Unreasonable Self-Doubt and Uncontrollable Paranoia

Both are also PPD brand and 100% compatible with the Case of Guilt.  In fact, the Self-Doubt and Paranoia were originally marketed as accessories to the Mom Guilt, but I am offering them all as a package deal.

Both are being offered as-is, although they have very little wear that is noticeable.

The Unreasonable Self-Doubt is scheduled to coincide when the Case of Guilt clicks on letting you know you are not living up to what people want.  Immediately the Self-Doubt will begin breaking down your confidence leaving you with virtually nothing to grasp onto that seems worthwhile.

The Uncontrollable Paranoia is meant to trigger the Case of Guilt.  It’s like a fail-safe for the Guilt.  The Guilt has never failed, but in the case that it shows signs of not igniting?  The Paranoia will guarantee it.

The entire package is being offered for FREE.

I do not want anything PPD Brand in my life anymore.

If interested, it will be on the curb.  Because that is where it has been kicked to.

uncomplicated love

The big brown chair.

When it was purchased there was no emotional expectation.  No one foresaw any moments to be had in the chair except lazy ones that matched the couch.

But the lack of expectations was a mistake.

That brown chair has become ours.  Mine and Eddie’s.

We melt into each other in that chair just minutes before bedtime.

He has his little yellow and green pipy and his well-worn lamby.

I am squished to one side in my fleece bathrobe while he is in a little ball on a pillow next to me.

My head rests ever so close to his soft, blond curls.

He is busy watching Wheel of Fortune and rubbing one of lamby’s ears across his nose.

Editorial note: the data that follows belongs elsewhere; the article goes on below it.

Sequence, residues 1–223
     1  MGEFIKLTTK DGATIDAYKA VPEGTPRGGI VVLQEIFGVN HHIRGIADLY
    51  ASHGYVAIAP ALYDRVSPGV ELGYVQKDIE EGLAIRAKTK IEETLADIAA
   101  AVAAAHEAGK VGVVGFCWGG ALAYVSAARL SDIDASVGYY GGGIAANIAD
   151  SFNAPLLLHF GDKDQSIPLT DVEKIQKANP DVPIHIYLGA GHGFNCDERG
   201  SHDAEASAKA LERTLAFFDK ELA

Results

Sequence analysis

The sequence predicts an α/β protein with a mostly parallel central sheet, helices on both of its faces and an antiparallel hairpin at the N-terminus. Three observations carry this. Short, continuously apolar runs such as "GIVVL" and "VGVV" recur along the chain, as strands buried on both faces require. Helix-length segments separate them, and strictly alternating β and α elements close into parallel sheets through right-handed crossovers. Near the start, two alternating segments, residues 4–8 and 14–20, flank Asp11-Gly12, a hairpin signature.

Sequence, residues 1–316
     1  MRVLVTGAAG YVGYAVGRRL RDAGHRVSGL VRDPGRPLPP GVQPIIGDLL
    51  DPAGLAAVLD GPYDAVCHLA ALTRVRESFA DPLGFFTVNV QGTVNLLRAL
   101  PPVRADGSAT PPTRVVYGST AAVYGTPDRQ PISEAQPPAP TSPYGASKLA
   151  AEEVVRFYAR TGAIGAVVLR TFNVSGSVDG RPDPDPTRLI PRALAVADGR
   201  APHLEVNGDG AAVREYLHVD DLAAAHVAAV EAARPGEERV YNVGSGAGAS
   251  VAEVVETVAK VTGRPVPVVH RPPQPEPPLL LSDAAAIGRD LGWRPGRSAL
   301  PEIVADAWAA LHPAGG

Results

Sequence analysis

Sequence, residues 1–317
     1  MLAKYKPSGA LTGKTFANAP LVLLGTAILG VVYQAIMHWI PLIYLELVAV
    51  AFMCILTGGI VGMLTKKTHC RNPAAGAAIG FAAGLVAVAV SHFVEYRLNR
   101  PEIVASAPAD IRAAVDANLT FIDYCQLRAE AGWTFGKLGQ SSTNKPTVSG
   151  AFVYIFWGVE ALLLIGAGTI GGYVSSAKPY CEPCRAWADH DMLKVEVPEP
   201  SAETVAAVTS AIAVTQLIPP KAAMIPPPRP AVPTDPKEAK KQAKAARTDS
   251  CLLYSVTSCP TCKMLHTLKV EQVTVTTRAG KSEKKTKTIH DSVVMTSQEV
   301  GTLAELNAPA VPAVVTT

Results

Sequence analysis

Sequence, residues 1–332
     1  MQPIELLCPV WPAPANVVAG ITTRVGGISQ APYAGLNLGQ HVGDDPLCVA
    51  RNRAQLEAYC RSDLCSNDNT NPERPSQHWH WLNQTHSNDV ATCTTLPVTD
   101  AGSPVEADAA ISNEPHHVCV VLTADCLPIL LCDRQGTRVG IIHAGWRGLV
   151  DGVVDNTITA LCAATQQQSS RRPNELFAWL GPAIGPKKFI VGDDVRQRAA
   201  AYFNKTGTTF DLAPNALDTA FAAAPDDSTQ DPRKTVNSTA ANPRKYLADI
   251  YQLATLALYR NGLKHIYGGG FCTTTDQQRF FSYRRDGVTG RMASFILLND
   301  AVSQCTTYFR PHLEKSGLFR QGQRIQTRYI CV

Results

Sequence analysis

He suddenly stops and turns to look at me.

Our faces are so close his little button nose is almost touching mine.

I can smell the lilac night time lotion on his skin.

A smile spreads suddenly under his pipey, and he quickly grabs the pacifier out of his mouth and leans in, mouth open.

His small, warm mouth covers mine quickly.

He giggles and whispers, “pssfff psssfff psssfff.”

His hand touches my check and he giggles again.

And just like that he pops the pipey back in his mouth and snuggles down under my chin.

But for me it is not over.  I sit their smiling and glowing from within.

My baby boy loves me.

Most people would stop here and say, “of course he does.”

But it hasn’t always been so evident to me.  That is the curse of PPD.

Those few minutes in the chair are ones that I will pack away in my heart and keep for always.

I wish Eddie could somehow also keep those moments in his heart.

Someday when he is a grumpy, angsty teen.

Someday when everything I do is wrong.

Someday when I am not there.

I wish he could see us like this.

Because it pains me to think he would forget these fleeting moments.

That he would forget the love between the two of us.

Completely unconditional with no complications.

love wins

In an email from my mom not so long ago she praised my writing and mentioned that she didn’t know how I did it.

Besides making me smile all day (I like praise from my parents…it makes me uncomfortable, but I like it), it made me think.

I really don’t think I always had this talent.  Or at least it was just waiting around because my life was way too boring write about.

Until recently.

As in the past six years.

I’ve been blogging for almost four years and until I decided to talk about my depression, all my readers were friends and family whom I begged and harassed to read my blog (I am sure most of them do NOT miss the mass emails of PLEASE READ MY BLOG).